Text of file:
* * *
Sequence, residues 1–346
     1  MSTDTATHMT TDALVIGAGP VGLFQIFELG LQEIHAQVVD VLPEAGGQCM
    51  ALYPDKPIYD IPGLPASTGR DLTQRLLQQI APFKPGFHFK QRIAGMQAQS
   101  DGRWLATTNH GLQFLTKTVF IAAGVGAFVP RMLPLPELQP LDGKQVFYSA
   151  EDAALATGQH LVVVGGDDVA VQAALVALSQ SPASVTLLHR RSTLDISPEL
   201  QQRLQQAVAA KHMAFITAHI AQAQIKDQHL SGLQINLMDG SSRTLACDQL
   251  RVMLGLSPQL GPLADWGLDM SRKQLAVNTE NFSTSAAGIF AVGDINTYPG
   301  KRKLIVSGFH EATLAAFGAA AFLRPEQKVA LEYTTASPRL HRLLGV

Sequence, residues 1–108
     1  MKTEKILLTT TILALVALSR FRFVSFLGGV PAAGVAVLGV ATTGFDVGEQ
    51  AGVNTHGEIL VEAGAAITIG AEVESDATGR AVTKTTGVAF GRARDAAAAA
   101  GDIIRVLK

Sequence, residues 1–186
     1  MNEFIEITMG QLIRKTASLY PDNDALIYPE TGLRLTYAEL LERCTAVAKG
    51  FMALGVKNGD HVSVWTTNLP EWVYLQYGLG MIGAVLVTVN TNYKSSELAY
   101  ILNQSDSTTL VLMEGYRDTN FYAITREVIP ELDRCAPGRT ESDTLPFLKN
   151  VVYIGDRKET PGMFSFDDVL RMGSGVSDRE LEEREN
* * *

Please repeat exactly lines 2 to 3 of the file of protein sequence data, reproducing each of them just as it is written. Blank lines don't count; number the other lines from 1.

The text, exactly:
     1  MSTDTATHMT TDALVIGAGP VGLFQIFELG LQEIHAQVVD VLPEAGGQCM
    51  ALYPDKPIYD IPGLPASTGR DLTQRLLQQI APFKPGFHFK QRIAGMQAQS